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Skirting the Issues: Dappled Sunlight

by | Sep 24, 2020 | Family & Friends, Featured - Home Page, Our Lives | 0 comments


As I’ve written before, I’m woefully sentimental. One of the things I’m greatly attached to is a pastel drawing by an artist named Karen Hoyt—as you can see from the cover of my 2013 memoir, Getting to Ellen, the drawing appears above the title line.

To explain, the girls in the drawing are my daughters when they were about six and four. They often wrote words or drew images in chalk on the driveway of our nearly 100-year-old-house in Cedar Rapids. Here, they’re caught writing out “W-E-L-C,” the beginning of “Welcome Home Daddy.”

The drawing also portrays a summer day. You know this because there are spots of what appears to be sunlight shining down onto the driveway. Anyone closely viewing the drawing will discern that somewhere nearby is a tall, leaf-filled tree through which sunlight is filtering as it pops in and fades out.

If you’ve read my book, you know that I call those sunspots “dappled sunlight,” and they become an important metaphor for my personal story of self-discovery. You’d also learn that sometimes I joined my daughters in their driveway chalk activities, which lent to memories that I now savor.

The “dappled sunlight drawing” has loomed large in my life ever since my ex-wife surprised me with it on Christmas Day, 1998. For a long time, the framed drawing hung over the fireplace of our family home. When I moved out to become me, a woman named Ellen (Ellie to her friends), I let my ex- wife keep the drawing for the memories of happier days that it offered. When my ex-wife relocated out of state, I took back the drawing and it now hangs directly above the space where I’m composing this piece.

The tree in the drawing, which you know exists but cannot see, was a stately 50’ tall shagbark hickory. It stood proudly right next to the concrete driveway-turned-chalk-canvas pictured in the drawing and was ever-present whenever I left home for work, or as my daughters and I longed for, returned at the end of a busy day.

There are two things to know about shagbark hickories. First, come late summer, you’d be smart to not park a vehicle under one because the hickory nuts they produce are large and heavy and capable of denting even the strongest car roof or hood. Second, and most importantly, the rutted and thick surface of a shagbark hickory peels slightly upward, in layers. It’s a magnificent sight—layered bark jutting out and up, defying gravity along the length of the tree. Seeing that lends to the thought that life itself is layered, too—with the good and the bad, with what we gain and what we lose, and with hopes of what might be. Fractured sometimes by what inevitably must be.

There’s a reason I’m sharing all of this: as many know, several weeks ago Cedar Rapids experienced a horrific wind-and-rain storm called a derecho. By some guesses, winds approached 100 m.p.h., and some have called the storm an “inland hurricane.”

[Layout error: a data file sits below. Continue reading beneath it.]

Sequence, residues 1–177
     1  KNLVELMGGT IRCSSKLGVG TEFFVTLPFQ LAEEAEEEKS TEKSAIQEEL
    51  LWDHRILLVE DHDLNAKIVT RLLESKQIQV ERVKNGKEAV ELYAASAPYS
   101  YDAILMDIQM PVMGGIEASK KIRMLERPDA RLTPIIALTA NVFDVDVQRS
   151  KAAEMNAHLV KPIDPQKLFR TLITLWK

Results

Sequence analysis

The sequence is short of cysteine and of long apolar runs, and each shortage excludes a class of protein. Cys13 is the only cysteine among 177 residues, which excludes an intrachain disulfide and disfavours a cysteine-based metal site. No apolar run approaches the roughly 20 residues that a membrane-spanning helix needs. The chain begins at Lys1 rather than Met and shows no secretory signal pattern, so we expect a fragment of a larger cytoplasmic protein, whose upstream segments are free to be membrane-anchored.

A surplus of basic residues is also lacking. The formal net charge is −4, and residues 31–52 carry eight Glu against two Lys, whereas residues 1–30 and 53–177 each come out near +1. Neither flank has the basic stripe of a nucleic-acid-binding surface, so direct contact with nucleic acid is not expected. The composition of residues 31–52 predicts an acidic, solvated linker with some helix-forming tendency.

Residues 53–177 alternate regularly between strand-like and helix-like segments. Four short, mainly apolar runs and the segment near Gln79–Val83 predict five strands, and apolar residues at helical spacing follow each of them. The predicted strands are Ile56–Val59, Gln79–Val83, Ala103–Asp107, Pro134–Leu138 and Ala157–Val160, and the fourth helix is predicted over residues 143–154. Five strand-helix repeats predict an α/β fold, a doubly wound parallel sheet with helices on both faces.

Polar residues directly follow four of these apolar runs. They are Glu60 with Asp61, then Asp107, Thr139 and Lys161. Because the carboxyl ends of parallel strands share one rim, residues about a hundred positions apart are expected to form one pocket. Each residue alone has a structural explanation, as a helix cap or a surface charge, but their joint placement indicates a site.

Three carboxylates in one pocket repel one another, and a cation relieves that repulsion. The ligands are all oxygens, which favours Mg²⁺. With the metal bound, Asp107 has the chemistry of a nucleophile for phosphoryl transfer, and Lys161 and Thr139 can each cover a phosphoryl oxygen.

The derecho slammed into my beloved hometown of 130,000 on a Monday in early August at around noon. In little more than an hour, it damaged or destroyed 1000 structures and decimated 65 percent of the city’s tree cover. Among the trees killed was the shagbark hickory in the dappled sunlight drawing. The tree was snapped in half, its majestic mane of leaf cover toppled onto the ground.

When I saw a photo of the broken tree, a part of me died. This journey I’ve taken in becoming a different person, a woman, has resulted in many people and things lost. The death of this tree constituted yet one more loss.

It’s perhaps because of those losses that I’ve become so sentimental, holding many things dear. It’s not easy on my heart or psyche, and certainly, it comes with a price. Heck, there’s even a real financial cost: I’m paying monthly for a storage unit filled with things from my past, including bins of my daughters’ toys, clothes, and books—yes, I’m keeping them for my daughters to pass on to their kids.

The storage unit isn’t cheap but then again, the things it contains are priceless. Or at least, that’s what I tell myself. The rational—and Buddhist—part of me reminds that it does no good to have attachments to things.

After all, they’re just “things.” Yet, those things are linked to precious life moments and the people I loved. On many days, I yearn to get those moments and people back, if for just an afternoon or even an hour.

Of course, that’s not possible.

Just like drops of sunlight pop onto a driveway, moments and people pop into our lives. We would all be good to cherish them while they’re here, while we have them, before they fade away.


Ellen (Ellie) Krug, the author of Getting to Ellen: A Memoir about Love, Honesty and Gender Change, speaks and trains on diversity and inclusion topics; visit www.elliekrug.com where you can also sign-up for her monthly e-newsletter, The Ripple. She welcomes your comments at [email protected].

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